Reviewed by Dr Jessica Gunawan
5 Breathing Techniques that are Good for Your Mind and Body
Published | 5 min read
Learn how different breathing techniques can bring different benefits to your body.
Breathe in. Breathe out. When you take a deep breath and let it out, you may notice a difference in your body and how you feel. Breathing is powerful, and learning different breathing techniques can provide many physical and mental health benefits. It is also the best way to relieve stress and tension.
Unmanaged stress can suppress the immune system and put you at risk of the common cold and other health disorders. It can also contribute to the onset of mental health problems such as anxiety or depression.
Here are a few breathing techniques that can help you do away with stress and make a big difference in your life.
1. Deep Abdominal Breathing
This is the most basic breathing technique and is extremely easy to do. Sit or lie flat in a comfortable position. Put one hand on the abdomen area that is just below your ribs and the other hand on your chest. Next, take a deep breath in through your nose whilst allowing your abdomen to push your hand up.
Breathe out through pursed lips and use the hand on your abdomen to push all the air out. Repeat this process approximately 3-10 times. This breathing technique is responsible for enabling full oxygen exchange. This can help slow your heartbeat and lower or stabilise blood pressure.
Once you have mastered the basics, you may practice a more advanced form of the technique, ‘4-7-8’. The only difference is that the more advanced technique involves taking a deep breath and stopping after a 4-count. Hold the breath for the next 7 seconds before breathing out completely to an 8-count.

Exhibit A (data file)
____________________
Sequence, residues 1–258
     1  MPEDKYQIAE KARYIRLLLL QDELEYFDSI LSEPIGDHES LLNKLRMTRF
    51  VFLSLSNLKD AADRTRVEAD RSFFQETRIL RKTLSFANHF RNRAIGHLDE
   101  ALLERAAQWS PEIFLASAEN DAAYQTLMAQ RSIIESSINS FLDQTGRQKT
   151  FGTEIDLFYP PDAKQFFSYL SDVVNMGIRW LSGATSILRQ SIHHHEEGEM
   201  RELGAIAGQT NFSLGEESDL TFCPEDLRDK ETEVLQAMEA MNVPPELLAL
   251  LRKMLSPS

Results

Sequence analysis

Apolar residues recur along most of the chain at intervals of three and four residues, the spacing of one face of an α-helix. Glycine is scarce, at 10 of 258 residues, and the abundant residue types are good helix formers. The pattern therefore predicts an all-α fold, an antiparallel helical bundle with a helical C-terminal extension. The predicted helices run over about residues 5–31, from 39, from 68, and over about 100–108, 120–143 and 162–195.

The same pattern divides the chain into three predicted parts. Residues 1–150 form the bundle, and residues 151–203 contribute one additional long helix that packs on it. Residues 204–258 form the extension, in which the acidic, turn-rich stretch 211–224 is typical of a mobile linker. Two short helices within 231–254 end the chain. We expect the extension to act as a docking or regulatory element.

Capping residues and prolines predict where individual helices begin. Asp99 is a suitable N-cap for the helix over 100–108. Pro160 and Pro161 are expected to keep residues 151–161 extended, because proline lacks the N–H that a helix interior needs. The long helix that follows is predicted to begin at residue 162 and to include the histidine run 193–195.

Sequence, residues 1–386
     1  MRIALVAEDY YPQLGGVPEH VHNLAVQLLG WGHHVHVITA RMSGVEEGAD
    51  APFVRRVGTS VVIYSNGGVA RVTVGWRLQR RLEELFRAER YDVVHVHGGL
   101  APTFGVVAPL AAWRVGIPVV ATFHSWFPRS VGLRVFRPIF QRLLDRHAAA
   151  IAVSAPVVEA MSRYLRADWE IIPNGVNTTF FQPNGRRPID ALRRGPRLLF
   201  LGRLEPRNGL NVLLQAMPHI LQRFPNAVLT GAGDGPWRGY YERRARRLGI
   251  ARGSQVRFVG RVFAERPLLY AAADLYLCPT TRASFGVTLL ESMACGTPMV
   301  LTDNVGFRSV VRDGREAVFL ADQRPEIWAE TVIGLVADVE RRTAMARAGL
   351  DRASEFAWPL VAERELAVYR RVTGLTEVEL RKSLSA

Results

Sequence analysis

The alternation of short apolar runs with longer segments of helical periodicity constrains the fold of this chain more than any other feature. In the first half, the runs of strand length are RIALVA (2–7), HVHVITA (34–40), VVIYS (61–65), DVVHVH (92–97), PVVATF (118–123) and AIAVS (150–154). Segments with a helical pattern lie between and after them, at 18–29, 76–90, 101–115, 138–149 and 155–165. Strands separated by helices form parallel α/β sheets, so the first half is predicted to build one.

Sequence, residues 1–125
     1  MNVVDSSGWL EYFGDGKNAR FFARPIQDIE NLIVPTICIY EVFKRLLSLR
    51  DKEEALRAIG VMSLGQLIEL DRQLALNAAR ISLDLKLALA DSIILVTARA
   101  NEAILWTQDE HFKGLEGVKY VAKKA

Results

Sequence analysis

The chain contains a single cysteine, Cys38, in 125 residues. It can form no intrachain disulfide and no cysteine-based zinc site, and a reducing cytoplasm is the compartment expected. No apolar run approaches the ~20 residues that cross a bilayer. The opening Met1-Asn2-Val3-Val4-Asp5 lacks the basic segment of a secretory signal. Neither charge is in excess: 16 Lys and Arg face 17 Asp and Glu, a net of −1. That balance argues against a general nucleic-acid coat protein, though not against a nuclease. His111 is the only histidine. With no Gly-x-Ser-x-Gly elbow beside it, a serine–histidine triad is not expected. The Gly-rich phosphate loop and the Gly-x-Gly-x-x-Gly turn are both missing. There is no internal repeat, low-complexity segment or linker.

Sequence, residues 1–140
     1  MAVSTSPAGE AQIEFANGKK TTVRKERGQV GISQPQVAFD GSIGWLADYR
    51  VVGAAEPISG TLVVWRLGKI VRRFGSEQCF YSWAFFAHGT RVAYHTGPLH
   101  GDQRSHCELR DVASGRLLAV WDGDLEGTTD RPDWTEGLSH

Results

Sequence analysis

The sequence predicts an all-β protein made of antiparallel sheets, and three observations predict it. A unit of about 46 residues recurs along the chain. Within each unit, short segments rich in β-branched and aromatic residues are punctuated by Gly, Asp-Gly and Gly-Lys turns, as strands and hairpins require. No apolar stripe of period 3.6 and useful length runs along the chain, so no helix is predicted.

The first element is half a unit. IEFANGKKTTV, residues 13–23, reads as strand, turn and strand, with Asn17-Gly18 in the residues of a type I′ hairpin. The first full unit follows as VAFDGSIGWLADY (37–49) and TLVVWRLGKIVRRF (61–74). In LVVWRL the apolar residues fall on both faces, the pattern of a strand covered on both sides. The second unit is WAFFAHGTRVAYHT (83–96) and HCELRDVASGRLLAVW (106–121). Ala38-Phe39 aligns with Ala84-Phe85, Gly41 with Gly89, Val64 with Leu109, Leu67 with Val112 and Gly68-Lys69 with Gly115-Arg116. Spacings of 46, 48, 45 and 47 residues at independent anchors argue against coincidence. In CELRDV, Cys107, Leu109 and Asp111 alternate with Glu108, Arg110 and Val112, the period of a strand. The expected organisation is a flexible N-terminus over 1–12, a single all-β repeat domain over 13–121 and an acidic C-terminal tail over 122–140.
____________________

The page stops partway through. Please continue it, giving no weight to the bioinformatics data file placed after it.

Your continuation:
2. Pranayama Breathing
A consistent practice of pranayama breathing techniques is associated with improving cardiovascular and respiratory functions and reducing stress on several systems in the body. Bhramari pranayama breathing, for example, requires you to sit comfortably in any posture and to inhale and exhale through the nostrils slowly and deeply.
As you exhale, hum slowly through your nasal airway whilst ensuring that your lips are closed and your ears are closed with your fingers. In doing so, you will be able to change your normal breathing rhythm and refresh your mind. It is also possible for bhramari pranayama breathing to induce a meditative state.
To help relieve fatigue and stress and promote healthy digestion, you can also consume an enzyme essence that combines more than 90 fermented vegetables and fruits with Cordyceps and 12 active strains of good bacteria. Dilute 30ml of this essence with 5-8 portions of cold or warm water before consuming.
3. Wim Hof Method Breathing
This unconventional breathing technique requires you to inhale deeply through the nose or mouth and exhale unforced through the mouth as you sit or lie down in a meditative position. Repeat these 30 to 40 times in short, powerful bursts. It is vital to ensure that you fully inhale through the abdomen and chest before releasing the breath.